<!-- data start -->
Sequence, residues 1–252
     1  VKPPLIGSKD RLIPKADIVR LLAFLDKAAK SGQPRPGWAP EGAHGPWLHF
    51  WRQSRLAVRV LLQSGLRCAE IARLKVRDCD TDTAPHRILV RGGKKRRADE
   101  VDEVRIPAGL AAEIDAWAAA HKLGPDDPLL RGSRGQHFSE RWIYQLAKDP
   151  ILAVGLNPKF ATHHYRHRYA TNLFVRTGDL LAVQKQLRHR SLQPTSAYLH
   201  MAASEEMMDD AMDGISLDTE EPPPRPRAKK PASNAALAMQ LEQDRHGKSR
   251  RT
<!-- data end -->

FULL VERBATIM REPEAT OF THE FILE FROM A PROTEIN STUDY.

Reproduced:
Sequence, residues 1–252
     1  VKPPLIGSKD RLIPKADIVR LLAFLDKAAK SGQPRPGWAP EGAHGPWLHF
    51  WRQSRLAVRV LLQSGLRCAE IARLKVRDCD TDTAPHRILV RGGKKRRADE
   101  VDEVRIPAGL AAEIDAWAAA HKLGPDDPLL RGSRGQHFSE RWIYQLAKDP
   151  ILAVGLNPKF ATHHYRHRYA TNLFVRTGDL LAVQKQLRHR SLQPTSAYLH
   201  MAASEEMMDD AMDGISLDTE EPPPRPRAKK PASNAALAMQ LEQDRHGKSR
   251  RT